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What To Consider When Buying Water Softeners

Water softeners, often also known as water conditioners, are used to make hard water soft. First, let us understand what hard water is and why it must be made soft. Water becomes a hard water when it contains minerals such as calcium, manganese, and magnesium carbonate. To the layman, the easy way to detect hardness in water is by checking how well your soap lathers, the presence of white rings on your bathtub, and the appearance of spots on your utensils after they dry.

While there is no health hazard posed by the presence of minerals in water, the cleaning process makes hard water so difficult to deal with. In addition, to some of us, the taste of hard water is not too pleasing to the palate. If you deal with problems similar to these and wish for softer water, sans all the minerals, maybe you should consider investing in a water softener. The following is a list of factors to consider when buying a water softener. In addition, you can check Ryan’s review for a more detailed information in terms of ratings and recommendations.

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Price

When you are calculating the cost of the water softener, a thing to keep in mind is the cost of installation and the cost of running the system. If you wish to go for something that is inexpensive, you could consider investing in a magnetic water softener that goes easy on the pocket. If you wish to save the cost of running the system, you could invest in a manual option.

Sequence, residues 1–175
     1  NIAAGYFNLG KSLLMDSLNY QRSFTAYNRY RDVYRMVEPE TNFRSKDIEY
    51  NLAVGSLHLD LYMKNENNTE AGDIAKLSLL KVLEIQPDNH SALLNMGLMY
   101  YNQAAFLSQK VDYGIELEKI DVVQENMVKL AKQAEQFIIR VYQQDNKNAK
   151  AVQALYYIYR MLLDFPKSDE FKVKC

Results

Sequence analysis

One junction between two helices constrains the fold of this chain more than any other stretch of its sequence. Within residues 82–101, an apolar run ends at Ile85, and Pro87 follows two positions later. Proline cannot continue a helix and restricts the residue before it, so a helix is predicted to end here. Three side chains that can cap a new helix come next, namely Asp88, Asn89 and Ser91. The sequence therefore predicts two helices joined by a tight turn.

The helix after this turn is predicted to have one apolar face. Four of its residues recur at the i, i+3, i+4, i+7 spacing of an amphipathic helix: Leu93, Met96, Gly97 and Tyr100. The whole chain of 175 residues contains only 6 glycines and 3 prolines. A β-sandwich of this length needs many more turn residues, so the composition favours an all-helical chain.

Amount

ZXCXZCZXCThis consideration in investing in a water softener involves knowing how much water is required to be softened. You need to figure out an estimated number of liters that is used on a regular basis in your household. Depending on what you infer, you could go in for a water softener that is manual, automatic, or semi-automatic. Large families could opt for a dual-tank water softener as they come in various tank capacities ranging from 24,000 to 110,000-grain capacity per tank.

Hardness

The hardness of water is calculated by grains of mineral deposits per gallon, thus GPG, or parts per million (PPM). Before you invest in a water softener, you may want to detect how hard your water really is. If the hardness is up to 3.5 GPG, you could very well do without a water softener. It is only above 10.5 GPG that the water needs to be softened. Depending on this requirement, you could go in for something as mild as a salt-free water softener or something that is heavy-duty, such as a dual-tank water softener.